(CNN)Hurricane-force winds are expected to continue in Southern California on Thursday, fanning the flames of fires throughout the region.
Gusts of the Santa Ana winds reached up to 80 mph Wednesday, prompting the first-ever extreme red flag warning from the National Weather Service. The winds aren’t expected to calm until the weekend, and 19 million people remain under red flag warnings in the region Thursday.The winds are no help to Los Angeles area firefighters. At least 20 different wildfires broke out in Southern California Wednesday, Cal Fire Chief Thom Porter said. There are more than 10 fires currently burning in CaliforniaThe Getty Fire in Los Angeles is threatening more than 7,000 homes, the Los Angeles Fire Department said. And about 40 miles northwest of the city, the Easy Fire broke out in Simi Valley Wednesday. Wind gusts of hurricane force — at least 74 mph — were reported at a weather station about seven miles north of Simi Valley.The Easy Fire quickly consumed more than 1,400 acres in Ventura County and 6,500 homes were threatened, officials said. The fire forced school closures and evacuations of about 26,000 people in Simi Valley, Sheriff Bill Ayub told reporters. Those evacuations included the Ronald Reagan Presidential Library, where the former president and his wife, Nancy, are buried.Read MoreA few staff stayed behind to protect what they can.Heavy winds “are a major concern to us,” Ventura County Fire Capt. Brian McGrath told CNN affiliate KABC.Gov. Gavin Newsom announced Wednesday the state had secured a Fire Management Assistance Grant from the Federal Emergency Management Agency (FEMA) to help fight the Easy Fire. The grant allows affected local and state and agencies to apply for a 75% reimbursement of eligible fire suppression costs.JUST WATCHEDCalifornia fires force thousands to evacuate across the stateReplayMore Videos …MUST WATCH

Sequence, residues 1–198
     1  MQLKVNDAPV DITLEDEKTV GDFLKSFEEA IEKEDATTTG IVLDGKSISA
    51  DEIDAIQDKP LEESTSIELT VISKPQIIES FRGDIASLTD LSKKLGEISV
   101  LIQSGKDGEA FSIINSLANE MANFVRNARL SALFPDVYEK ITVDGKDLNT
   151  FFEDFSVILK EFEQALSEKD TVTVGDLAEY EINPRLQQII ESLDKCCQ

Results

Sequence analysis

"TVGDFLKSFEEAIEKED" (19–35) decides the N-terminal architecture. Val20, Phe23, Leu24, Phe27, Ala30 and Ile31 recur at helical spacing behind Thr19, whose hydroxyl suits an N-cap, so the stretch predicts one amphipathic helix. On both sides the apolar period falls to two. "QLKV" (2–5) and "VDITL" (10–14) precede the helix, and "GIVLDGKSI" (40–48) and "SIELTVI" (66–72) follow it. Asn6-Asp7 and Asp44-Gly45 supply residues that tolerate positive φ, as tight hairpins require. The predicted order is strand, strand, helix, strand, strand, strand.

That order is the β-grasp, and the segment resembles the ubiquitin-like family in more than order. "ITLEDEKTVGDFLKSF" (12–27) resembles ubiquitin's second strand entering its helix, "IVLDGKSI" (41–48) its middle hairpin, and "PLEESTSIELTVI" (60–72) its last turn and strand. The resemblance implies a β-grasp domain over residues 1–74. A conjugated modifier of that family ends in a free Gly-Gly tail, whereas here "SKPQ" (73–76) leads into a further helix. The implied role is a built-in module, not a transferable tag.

California fires force thousands to evacuate across the state 01:54Power companies may be responsible for firesThe Simi Valley wildfire started near a Southern California Edison sub-transmission line, the power company said, adding that it has filed a report with the state Public Utilities Commission.”SCE is conducting a review into the circumstances surrounding the fire, and will cooperate with all investigations into the origin and cause of the fire,” the company said in a statement.The company said Tuesday that its equipment likely also contributed to the Woolsey Fire in November of last year. The fire became one of the most destructive in the state, according to Cal Fire, killing three people and destroying more than 1,600 structures.In Northern California, Pacific Gas & Electric (PG&E) filed three reports with the California Public Utility Commission Wednesday indicating that their equipment may be involved in the start of three fires, according to officials. Bill Johnson, CEO and President of PG&E Corporation, told media the company has contacted the state about reports of videos possibly showing sparking powerlines at the Bethel Island and Oakley fires. A third report was then filed linking its equipment to a fire in Milpitas, California.”Troublemen observed wire down. They observed two houses, two cars, and a shed damaged by the fire. An on-site Milpitas Fire Department Investigator informed the troubleman that he was looking at the downed wire as a potential ignition source and collected a portion of the conductor into evidence,” PG&E said in a statement to CNN.PG&E has been under scrutiny in recent years for the role its equipment played in several devastating fires across the state, including last year’s deadly Camp Fire, which killed 85 people. Over the last weeks, the utility has been enacting preventative shutoffs all over northern and central California.Laura Horvitz (R) and Robyn Phipps help rescue goats from a ranch near the Reagan Presidential Library in Simi Valley.’We’re ready to go and say goodbye to our home’Brigitte Kouba Neves, a Los Angeles native, says her heart stopped when her neighbor knocked on her door early Monday and told her they were in the evacuation zone.”I can’t explain the feeling of packing a bag with the items I want to save from a fire,” she said in an Instagram post describing how she and her husband chose daily essentials and their wedding album.Neves lives in a voluntary evacuation zone. So far, she’s been safe, but that could change at any moment.”Currently, we have our suitcases by the door, the car is packed, and we’re ready to go and say goodbye to our home if they say we must,” she wrote. But she told CNN what’s it’s like to live under constant threat and worry.”I have 3-year-old twins with sensitive lungs, so school has been canceled a lot, they’ve had to wear masks, and we’ve discussed the fact that there are fires far away … and it changes air quality,” she said. “We’ve let them role play with their firefighter outfits and trucks.” Photos: Wildfires scorch CaliforniaFirefighters mop up a brushfire, named the Castlewood Fire, in Fullerton, California, on Wednesday, October 30.Hide Caption 1 of 48 Photos: Wildfires scorch CaliforniaAn Air Force One from Reagan’s presidency sits on display at the Reagan Library as the Easy Fire burns in the Simi Valley hills on October 30.Hide Caption 2 of 48 Photos: Wildfires scorch CaliforniaFirefighters brace themselves for incoming fire retardant as they battle the Easy Fire in Simi Valley.Hide Caption 3 of 48 Photos: Wildfires scorch CaliforniaFabio Losurdo comforts his horse, Smarty, at a ranch in Simi Valley on October 30.Hide Caption 4 of 48 Photos: Wildfires scorch CaliforniaFlames approach the backyards of mobile homes in Santiago Estates at Pedley in Jurupa Valley, California, on October 30.Hide Caption 5 of 48 Photos: Wildfires scorch CaliforniaLaura Horvitz, right, and Robyn Phipps help rescue goats from a ranch near the Reagan Presidential Library in Simi Valley on October 30.Hide Caption 6 of 48 Photos: Wildfires scorch CaliforniaHealth care workers evacuate residents from the Riverside Heights Healthcare Center in Jurupa Valley on October 30.Hide Caption 7 of 48 Photos: Wildfires scorch CaliforniaInmate firefighters battle the Kincade Fire near Healdsburg, California, on Tuesday, October 29.Hide Caption 8 of 48 Photos: Wildfires scorch CaliforniaA home between Healdsburg and Windsor is surrounded by charred ground on October 29. Hide Caption 9 of 48 Photos: Wildfires scorch CaliforniaFrom left, California Gov. Gavin Newsom, Los Angeles City Councilman Mike Bonin and Los Angeles Mayor Eric Garcetti tour a burned home in Brentwood, California, on October 29. Hide Caption 10 of 48 Photos: Wildfires scorch CaliforniaFirefighters work near the Getty Center in Los Angeles on Monday, October 28.Hide Caption 11 of 48 Photos: Wildfires scorch CaliforniaThousands of Los Angeles residents have been forced to evacuate their homes because of the Getty Fire.Hide Caption 12 of 48 Photos: Wildfires scorch CaliforniaLos Angeles County firefighter Collin Bashara rests near his truck on October 28.Hide Caption 13 of 48 Photos: Wildfires scorch CaliforniaSmoke from the Kincade Fire hangs over Healdsburg as farm animals graze in a pasture on October 28.Hide Caption 14 of 48 Photos: Wildfires scorch CaliforniaA man walks past a burning home in Los Angeles on October 28.Hide Caption 15 of 48 Photos: Wildfires scorch CaliforniaFire crews walk along a blackened ridge as they battle the Getty Fire in Los Angeles.Hide Caption 16 of 48 Photos: Wildfires scorch CaliforniaFirefighters battling the Kincade Fire spray water at a home in Windsor on Sunday, October 27.Hide Caption 17 of 48 Photos: Wildfires scorch CaliforniaFirefighters burn fuel around a home in Windsor in an effort to save it from the Kincade Fire.Hide Caption 18 of 48 Photos: Wildfires scorch CaliforniaDr. Emily Putt, a veterinarian who helps rescue horses from fire zones, comforts a horse as the Kincade Fire burns in Healdsburg on October 27.Hide Caption 19 of 48 Photos: Wildfires scorch CaliforniaA firefighter passes a burning home as the Kincade Fire rages in Healdsburg on October 27.Hide Caption 20 of 48 Photos: Wildfires scorch CaliforniaVines smolder in a cloud of smoke in Healdsburg.Hide Caption 21 of 48 Photos: Wildfires scorch CaliforniaFlames from the Kincade Fire consume a home in Healdsburg.Hide Caption 22 of 48 Photos: Wildfires scorch CaliforniaA team of firefighters put out a smoldering vine in Healdsburg.Hide Caption 23 of 48 Photos: Wildfires scorch CaliforniaThe Soda Rock Winery burns in the Kincade Fire.Hide Caption 24 of 48 Photos: Wildfires scorch CaliforniaFirefighters from the Dry Creek Rancheria remove an American flag in Healdsburg.Hide Caption 25 of 48 Photos: Wildfires scorch CaliforniaA firefighter watches over a structure as the Kincade Fire threatens Chalk Hill Road in Healdsburg.Hide Caption 26 of 48 Photos: Wildfires scorch CaliforniaA firefighter sets a back fire along a hillside in Healdsburg on Saturday, October 26.Hide Caption 27 of 48 Photos: Wildfires scorch CaliforniaA line of fire snakes along a hillside as firefighters light backfires to slow the spread of the Kincade Fire near Geyserville, California, on October 26.Hide Caption 28 of 48 Photos: Wildfires scorch CaliforniaSodhi Singh closes up his Chevron station shortly after losing power in Healdsburg on October 26. In an attempt to avoid any more catastrophic wildfires, Pacific Gas & Electric began shutting down the power to about 940,000 customers, citing a historic wind event in northern and central parts of the state.Hide Caption 29 of 48 Photos: Wildfires scorch CaliforniaA back fire set by firefighters burns along a hillside in Healdsburg.Hide Caption 30 of 48 Photos: Wildfires scorch CaliforniaSandy Beddow evacuates Healdsburg with her dog.Hide Caption 31 of 48 Photos: Wildfires scorch CaliforniaFirefighters set a back fire along a hillside in Healdsburg.Hide Caption 32 of 48 Photos: Wildfires scorch CaliforniaFirefighters hose down a burning house in Agua Dulce, California, on Friday, October 25. It was affected by the Tick Fire, which broke out near Santa Clarita.Hide Caption 33 of 48 Photos: Wildfires scorch CaliforniaOrange County firefighters put out remaining hot spots from a brush fire in San Clemente, California, on October 25.Hide Caption 34 of 48 Photos: Wildfires scorch CaliforniaA firefighting aircraft intervenes over Sonoma County, California, where the Kincade Fire was burning on October 25.Hide Caption 35 of 48 Photos: Wildfires scorch CaliforniaA firefighter sprays water on a burning home in Sonoma County on Thursday, October 24. Hide Caption 36 of 48 Photos: Wildfires scorch CaliforniaA Los Angeles County firefighter monitors the area as the Tick Fire burns near homes in Canyon Country on October 24.Hide Caption 37 of 48 Photos: Wildfires scorch CaliforniaThe Kincade Fire burns in the Jimtown community of Sonoma County on October 24.Hide Caption 38 of 48 Photos: Wildfires scorch CaliforniaA firefighter works the scene of a burned-out home in Santa Clarita on October 24.Hide Caption 39 of 48 Photos: Wildfires scorch CaliforniaBrandon Mani covers his face from the smoke as he walks along Highway 14 in Santa Clarita.Hide Caption 40 of 48 Photos: Wildfires scorch CaliforniaA helicopter passes a smoke plume on October 24. Hide Caption 41 of 48 Photos: Wildfires scorch CaliforniaA structure continues to burn after the Kincade Fire moved through Geyserville on October 24.Hide Caption 42 of 48 Photos: Wildfires scorch CaliforniaGeyserville, about 80 miles north of San Francisco, is among the communities under mandatory evacuation order. Hide Caption 43 of 48 Photos: Wildfires scorch CaliforniaTwo firefighters discuss a plan while battling the wildfire in Geyserville.Hide Caption 44 of 48 Photos: Wildfires scorch CaliforniaThe sun rises above a smoke-filled valley in Geyserville on October 24.Hide Caption 45 of 48 Photos: Wildfires scorch CaliforniaA fire whirl whips across dry brush as the Kincade Fire spreads through Sonoma County on October 24.Hide Caption 46 of 48 Photos: Wildfires scorch CaliforniaTrees burn as the fire engulfs a hillside in Geyserville.Hide Caption 47 of 48 Photos: Wildfires scorch CaliforniaEmbers fly across a roadway in Jimtown on October 24.Hide Caption 48 of 48California’s biggest fire is far from containedNorth of the San Francisco Bay, the week-old Kincade Fire — the state’s largest active wildfire — has destroyed nearly 77,000 acres across Sonoma County and more than 260 structures, including more than 130 single-family homes, officials said. It was only 45% contained as of Wednesday evening. At the Sonoma County Airport, several airlines have canceled all flights for Thursday. The Kincade Fire started October 23, but the cause is still under investigation.The good news: Forecasters say winds will weaken through Thursday, and more residents can go home.About 2,400 people from the 186,000 under evacuation orders had returned to their homes as of Tuesday night, Sonoma County Sheriff Mark Essick said.”Many of these people are still returning to homes that are without power because of the PG&E power shutoff,” he said. “So we want people to be vigilant, be aware communication may not be great.”